New Delhi: One of the world’s largest consumer goods company is taking a firm stand on eliminating plastic usage over the next few years, in line with other companies the world over that are seeking more sustainable ways of packaging soaps, shampoos, and beverages.

On Monday, consumer goods firm Unilever, that sells popular brands such as Lux, Axe, Surf Excel, and Dove, among others, outlined its commitment to eliminate more than 100,000 tonnes of plastic packaging, as well as collecting and processing more plastic packaging than it sells by the year 2025.

As part of this commitment to limit use of plastic, Unilever plans to halve the use of virgin plastic by reducing its absolute use of plastic packaging by more than 100,000 tonnes and accelerate the use of recycled plastic over the next few years.

The plan will entail a “fundamental rethink in our approach to our packaging and products," Alan Jope, Unilever CEO, said in a press statement on Monday. The company will look at introducing new and innovative packaging materials and scale up new business models, like re-use and re-fill formats, at an unprecedented speed and intensity, Jope added.

“Plastic has its place, but that place is not in the environment," Jope said, in what can be seen as a bold commitment on behalf of the company given the size and scope of its business. Unilever sells to shoppers in 190 countries with over 400 brands. “We can only eliminate plastic waste by acting fast and taking radical action at all points in the plastic cycle," Jope said.

The company's announcement comes as consumers, environmentalists, and governments world over are prompting large companies to find sustainable solutions to doing business and limit waste that ends up in oceans and landfills.

Currently, Unilever’s annual plastic packaging footprint is around 700,000 tonnes, the company said. By 2025, Unilever’s new outline for plastic reduction will require the company to help collect and process around 600,000 tonnes of plastic annually. “This is less than our current 700,000 tonnes plastic packaging footprint because it reflects the 100,000 tonnes absolute reduction we have committed," the statement said.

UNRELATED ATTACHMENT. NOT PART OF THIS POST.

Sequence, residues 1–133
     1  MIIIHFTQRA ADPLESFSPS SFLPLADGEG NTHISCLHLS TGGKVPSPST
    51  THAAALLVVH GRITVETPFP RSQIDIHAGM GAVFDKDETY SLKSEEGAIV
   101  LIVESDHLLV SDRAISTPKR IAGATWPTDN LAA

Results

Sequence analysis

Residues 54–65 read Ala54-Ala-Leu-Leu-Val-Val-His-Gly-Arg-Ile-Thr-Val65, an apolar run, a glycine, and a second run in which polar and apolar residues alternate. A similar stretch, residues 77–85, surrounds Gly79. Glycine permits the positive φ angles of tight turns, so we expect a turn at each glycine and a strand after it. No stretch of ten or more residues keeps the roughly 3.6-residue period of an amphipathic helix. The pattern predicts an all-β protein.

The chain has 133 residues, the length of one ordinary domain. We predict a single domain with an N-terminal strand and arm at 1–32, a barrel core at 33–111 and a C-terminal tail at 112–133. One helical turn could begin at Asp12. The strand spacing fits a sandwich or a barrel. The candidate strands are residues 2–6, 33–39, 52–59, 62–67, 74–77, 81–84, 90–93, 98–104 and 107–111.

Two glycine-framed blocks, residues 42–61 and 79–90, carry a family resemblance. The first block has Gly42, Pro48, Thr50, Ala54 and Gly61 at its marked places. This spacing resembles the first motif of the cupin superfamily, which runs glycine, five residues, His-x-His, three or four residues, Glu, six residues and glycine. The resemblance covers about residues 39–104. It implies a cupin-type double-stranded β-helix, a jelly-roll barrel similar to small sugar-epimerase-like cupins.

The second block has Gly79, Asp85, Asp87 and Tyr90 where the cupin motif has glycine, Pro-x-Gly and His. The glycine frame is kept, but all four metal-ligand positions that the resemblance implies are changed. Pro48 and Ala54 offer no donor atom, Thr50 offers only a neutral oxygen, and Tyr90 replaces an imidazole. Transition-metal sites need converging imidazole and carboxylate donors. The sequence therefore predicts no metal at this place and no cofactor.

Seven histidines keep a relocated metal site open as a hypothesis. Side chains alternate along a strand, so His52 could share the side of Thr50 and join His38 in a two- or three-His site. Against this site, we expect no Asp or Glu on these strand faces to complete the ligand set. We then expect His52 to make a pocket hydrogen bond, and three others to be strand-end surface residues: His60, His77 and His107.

The company plans to achieve this through direct investment and partnerships in waste collection and processing in many of the countries where it operates. It will also step up purchase and use of recycled plastics in its packaging.

It has also pledged to reduce virgin or new plastic packaging by 50% by 2025, with one third--more than 100,000 tonnes--coming from absolute plastic reduction. More than 100,000 tonnes will come from absolute reduction as the business invests in multiple use packs such as reusable and refillable packages. Unilever will also work to find alternative packaging materials and gradually reduce the amount of plastic used in its existing packs, the compnay added.

“Unilever will measure the total tonnes of virgin plastic packaging used each year vs the total tonnes of virgin plastic packaging used in 2018. As a result of this commitment, Unilever is committing to have a virgin plastic packaging footprint of no more than 350,000 tonnes by 2025," the company said.

Jope indicated that design will be a key element to how it reduces plastic going forward. This could imply using less plastic in its plastic bottles and caps that sell everything from detergents to shampoos. “Our starting point has to be design, reducing the amount of plastic we use, and then making sure that what we do use increasingly comes from recycled sources. We are also committed to ensuring all our plastic packaging is reusable, recyclable or compostable," he said.

Since 2017, the company has innovated packaging material across some of its brands such as Cif, Axe, TRESemme, etc, and even modified the way they are delivered in a bid to reduce the plastic required. As part of its No Plastic initiative, Unilever has brought to the market innovations including shampoo bars, refillable toothpaste tablets, cardboard deodorant sticks and bamboo toothbrushes, the compnay said. It has also signed up to the Loop platform, which is exploring new ways of delivering and collecting reusable products from consumers’ homes, the company added in its press statement.

In India, where it operates through Hindustan Unilever Ltd, the company has over the last five years collaborated with many partners to collect, and recycle plastic packaging.

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